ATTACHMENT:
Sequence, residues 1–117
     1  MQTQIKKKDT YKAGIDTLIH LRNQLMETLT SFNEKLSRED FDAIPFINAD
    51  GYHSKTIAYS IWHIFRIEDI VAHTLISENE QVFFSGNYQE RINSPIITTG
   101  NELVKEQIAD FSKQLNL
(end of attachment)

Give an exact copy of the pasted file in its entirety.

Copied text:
Sequence, residues 1–117
     1  MQTQIKKKDT YKAGIDTLIH LRNQLMETLT SFNEKLSRED FDAIPFINAD
    51  GYHSKTIAYS IWHIFRIEDI VAHTLISENE QVFFSGNYQE RINSPIITTG
   101  NELVKEQIAD FSKQLNL